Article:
Tyrone manager Mickey Harte may find himself spoiled for choice when it comes to naming his team to meet Kerry in the All Ireland football final on September 21.
It was just prior to their quarter-final meeting with Dublin that the Red Hands finally came up to something approaching full-strength following a spate of injuries which had made serious inroads into Harte’s resources up until then.
Now the Red Hands boss could discover that interesting options are available to him for what will be a titanic showdown with Kerry who are bidding to land their third All Ireland title on the trot.
Kevin Hughes, Owen Mulligan and Colm Cavanagh were all sprung from the bench in the second-half of Sunday’s 0-23 to 1-14 win over gallant Wexford and of this trio, Hughes would appear to have a formidable chance of enjoying substantial game time against the Kingdom – and perhaps even a starting place.
It was in the 50th minute on Sunday that the sturdy Kileeshill clubman made his entrance and he certainly impressed for the remainder fo the match, helping to shore up the midfield and immersing himself in a flurry of attacks, the outcome of some of which proved crucial to Tyrone’s victory.
An undeniable thirst for action, a marked combative edge and, perhaps most importantly, the invaluable experience he has acquired of actually playing against Kerry will certainly bolster his chances of figuring strongly in Harte’s thinking for the final.
When Tyrone beat Kerry in the 2005 All Ireland final, Hughes was a central figure in their triumph, his in-your-face stance clearly helping to unsettle a Kerry side who were knocked out of their stride by Tyrone’s dynamic approach and obvious relish for the physical exchanges.
It was no coincidence that some of Kerry’s marquee players such as Seamus Moynihan and Dara O Cinneide called time on their playing careers after that game and that several other players in their squad found themselves rather surplus to requirements.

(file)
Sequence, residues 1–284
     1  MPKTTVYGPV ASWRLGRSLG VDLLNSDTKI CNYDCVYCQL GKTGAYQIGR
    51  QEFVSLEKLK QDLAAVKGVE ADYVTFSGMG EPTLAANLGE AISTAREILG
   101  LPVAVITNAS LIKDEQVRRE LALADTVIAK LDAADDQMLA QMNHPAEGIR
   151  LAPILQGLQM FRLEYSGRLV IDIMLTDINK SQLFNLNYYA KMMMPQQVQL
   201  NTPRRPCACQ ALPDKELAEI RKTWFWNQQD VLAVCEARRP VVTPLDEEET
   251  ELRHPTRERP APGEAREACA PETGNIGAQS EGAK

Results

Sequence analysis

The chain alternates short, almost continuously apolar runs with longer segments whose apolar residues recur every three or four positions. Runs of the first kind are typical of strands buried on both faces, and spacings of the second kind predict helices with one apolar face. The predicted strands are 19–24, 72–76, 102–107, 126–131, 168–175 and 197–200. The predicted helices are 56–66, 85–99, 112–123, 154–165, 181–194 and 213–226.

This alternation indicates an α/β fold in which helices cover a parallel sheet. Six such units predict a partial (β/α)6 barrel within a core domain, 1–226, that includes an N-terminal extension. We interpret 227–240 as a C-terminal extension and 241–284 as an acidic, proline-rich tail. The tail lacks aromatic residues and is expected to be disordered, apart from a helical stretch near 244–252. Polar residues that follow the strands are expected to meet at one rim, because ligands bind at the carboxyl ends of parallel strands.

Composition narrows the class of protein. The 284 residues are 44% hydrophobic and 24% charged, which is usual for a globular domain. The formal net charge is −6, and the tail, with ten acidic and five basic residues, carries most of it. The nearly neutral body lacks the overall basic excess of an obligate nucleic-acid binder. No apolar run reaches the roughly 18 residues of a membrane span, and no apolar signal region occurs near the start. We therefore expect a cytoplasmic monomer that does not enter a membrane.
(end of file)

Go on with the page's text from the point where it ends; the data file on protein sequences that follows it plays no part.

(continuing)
Since then, of course, Kerry, with amendments to their side and a restructured management team, have underlined their own immense pride – even arrogance – and absolute commitment to the cause by roaring back to claim the All Ireland title in 2006 and again last year.
But neither of these deciders, sadly, helped to embellish the reputation of the All Ireland final as one of the very special days in the Irish sporting calendar.
Mayo were the proverbial lambs to the slaughter in 2006 — thus enhancing their frustrating adhesive cinderella’ image — while Cork submitted meekly in a one-sided exercise last year that ensured the All Ireland Championship curtain came down with a whimper rather than a bang.
Somehow, it’s difficult to envisage that this situation will pertain this time round.
Tyrone, now armed with fresh reserves of confidence following a five-match unbeaten run since their Ulster Championship setback against Down and cossetted by massive fanatical support, know that their meeting with the Kingdom will be the ultimate test of their character and credibility.
And with players like Kevin Hughes in particular waiting patiently to be unleashed into the arena, Kerry themselves may not sleep too comfortably in their
beds between now and September 21.
Brian McIver has been ousted as manager of the Donegal football team.
McIver, who has been in charge for the last three years, came under pressure last week when a number of clubs raised the issue of his appointment for a fourth successive year
McIver stepped down at a County Board meeting last night once it became apparent that he had not got the support of the clubs.
“I sensed that there was a feeling of negativity from a number of clubs,” he said. “Whenever I joined Donegal one thing was certain that I would never overstay my welcome.
“It was entirely up to the clubs. I was quite happy that I had the full backing of all the players. We were making our plans for the following season. If there is a feeling in the county that we are not making progress then I'll hand over the reins.”
McIver quit briefly last season but was persuaded to come back for another year.